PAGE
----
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Welcome to CNN Radio News Day.
* NATO's secretary-general Tuesday served warning to Syrian president Bashar al-Assad that any use of chemical weapons by his regime would trigger an immediate international response. The warning follows that of U.S. President Barack Obama yesterday, calling any chemical weapon use "totally unacceptable." A U.S. official says there are "worrying signs" that Syria is mixing chemicals to make deadly sarin gas. Leonard Spector with the James Martin Center for Non-Proliferation Studies says it's a notable development:
"The fact that it's being mixed at this moment, if that's what the intelligence is saying, is a very serious change of circumstances."
* It's perhaps a student's worst nightmare - longer school days. Starting next year, select public schools in five states will expand their calendars as part of the so-called 'time collaborative'. The National Center on Time and Learning created the pilot program to add 300 hours to the school year:
"Both a longer year and a longer day are allowing students to have a deeper access to the curriculum and all the core subjects", says the group's founder and president, Jennifer Davis.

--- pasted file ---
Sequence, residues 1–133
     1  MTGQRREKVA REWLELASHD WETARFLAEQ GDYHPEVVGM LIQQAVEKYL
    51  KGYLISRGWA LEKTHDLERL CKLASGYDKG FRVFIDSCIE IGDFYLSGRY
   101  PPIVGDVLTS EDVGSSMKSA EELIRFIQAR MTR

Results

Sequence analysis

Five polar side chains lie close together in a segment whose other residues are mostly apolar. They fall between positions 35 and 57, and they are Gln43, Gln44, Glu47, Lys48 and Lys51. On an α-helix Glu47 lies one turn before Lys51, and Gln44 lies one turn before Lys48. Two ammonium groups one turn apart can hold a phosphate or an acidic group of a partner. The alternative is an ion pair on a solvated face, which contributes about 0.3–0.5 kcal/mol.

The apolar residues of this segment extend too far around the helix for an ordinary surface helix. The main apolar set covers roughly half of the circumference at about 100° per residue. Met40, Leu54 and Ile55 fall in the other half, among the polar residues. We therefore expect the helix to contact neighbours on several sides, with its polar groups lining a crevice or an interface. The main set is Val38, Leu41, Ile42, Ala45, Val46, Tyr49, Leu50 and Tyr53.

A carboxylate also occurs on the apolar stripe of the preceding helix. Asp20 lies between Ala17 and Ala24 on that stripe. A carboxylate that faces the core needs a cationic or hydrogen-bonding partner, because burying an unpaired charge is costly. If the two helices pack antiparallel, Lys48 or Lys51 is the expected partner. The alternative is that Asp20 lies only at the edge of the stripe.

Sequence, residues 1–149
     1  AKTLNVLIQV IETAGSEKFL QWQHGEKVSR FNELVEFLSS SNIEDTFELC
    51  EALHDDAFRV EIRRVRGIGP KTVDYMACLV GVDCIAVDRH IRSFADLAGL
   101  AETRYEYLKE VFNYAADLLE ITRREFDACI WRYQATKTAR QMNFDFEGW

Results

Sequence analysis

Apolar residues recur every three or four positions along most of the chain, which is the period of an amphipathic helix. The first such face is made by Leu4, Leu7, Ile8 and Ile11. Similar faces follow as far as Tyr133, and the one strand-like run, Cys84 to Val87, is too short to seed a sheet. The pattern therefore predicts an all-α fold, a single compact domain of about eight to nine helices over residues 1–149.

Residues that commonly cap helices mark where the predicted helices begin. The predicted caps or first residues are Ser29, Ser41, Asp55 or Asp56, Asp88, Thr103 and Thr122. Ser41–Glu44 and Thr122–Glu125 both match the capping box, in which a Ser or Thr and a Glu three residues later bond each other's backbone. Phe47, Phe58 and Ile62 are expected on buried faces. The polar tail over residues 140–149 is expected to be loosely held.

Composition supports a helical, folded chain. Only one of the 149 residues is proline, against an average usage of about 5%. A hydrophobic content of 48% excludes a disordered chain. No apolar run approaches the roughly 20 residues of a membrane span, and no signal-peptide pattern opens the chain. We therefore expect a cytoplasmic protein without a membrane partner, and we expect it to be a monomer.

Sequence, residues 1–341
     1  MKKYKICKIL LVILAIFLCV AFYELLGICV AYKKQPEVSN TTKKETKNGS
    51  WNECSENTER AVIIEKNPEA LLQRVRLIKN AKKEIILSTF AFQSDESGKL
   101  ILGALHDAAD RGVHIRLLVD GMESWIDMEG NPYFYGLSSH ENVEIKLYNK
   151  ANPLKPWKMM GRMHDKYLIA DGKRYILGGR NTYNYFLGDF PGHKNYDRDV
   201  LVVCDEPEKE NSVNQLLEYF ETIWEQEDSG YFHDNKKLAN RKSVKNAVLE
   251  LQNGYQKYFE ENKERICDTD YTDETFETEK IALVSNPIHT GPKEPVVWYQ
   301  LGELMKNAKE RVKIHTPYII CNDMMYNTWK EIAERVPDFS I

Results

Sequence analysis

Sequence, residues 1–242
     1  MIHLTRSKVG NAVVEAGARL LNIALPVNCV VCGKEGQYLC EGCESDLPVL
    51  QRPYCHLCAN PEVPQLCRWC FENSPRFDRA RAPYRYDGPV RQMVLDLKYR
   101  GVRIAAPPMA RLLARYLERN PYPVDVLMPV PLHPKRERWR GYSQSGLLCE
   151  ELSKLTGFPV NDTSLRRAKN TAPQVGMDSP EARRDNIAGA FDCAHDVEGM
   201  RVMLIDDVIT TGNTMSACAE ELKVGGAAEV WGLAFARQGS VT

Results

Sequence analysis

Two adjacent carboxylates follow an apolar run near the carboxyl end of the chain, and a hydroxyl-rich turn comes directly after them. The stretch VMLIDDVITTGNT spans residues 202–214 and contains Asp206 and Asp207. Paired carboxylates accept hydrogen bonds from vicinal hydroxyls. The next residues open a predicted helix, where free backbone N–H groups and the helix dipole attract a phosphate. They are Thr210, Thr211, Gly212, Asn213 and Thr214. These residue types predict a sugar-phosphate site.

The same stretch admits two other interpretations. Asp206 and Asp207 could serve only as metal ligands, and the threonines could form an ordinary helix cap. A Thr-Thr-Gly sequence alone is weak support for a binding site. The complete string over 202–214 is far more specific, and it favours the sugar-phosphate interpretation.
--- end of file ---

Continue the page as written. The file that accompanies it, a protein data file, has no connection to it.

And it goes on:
* It appears Democrats and Republicans are at an impasse as they look for a way to avoid the so-called fiscal cliff, which arrives in 28 days. That's when a blend of tax hikes and spending cuts would kick-in. President Obama on Tuesday met with a bi-partisan group of state governors. Arkansas' governor said there was no specific mention of Medicare, even though the health insurance program for seniors is one of the largest drivers of deficit growth. CNN senior writer Tami Luhby says comprehensive reform of Medicare is going to be complicated and controversial:
"It's unlikely that we'll have something very big, but there will likely be either some smaller attempts at Medicare reform, or there will be a promise to do it in 2013."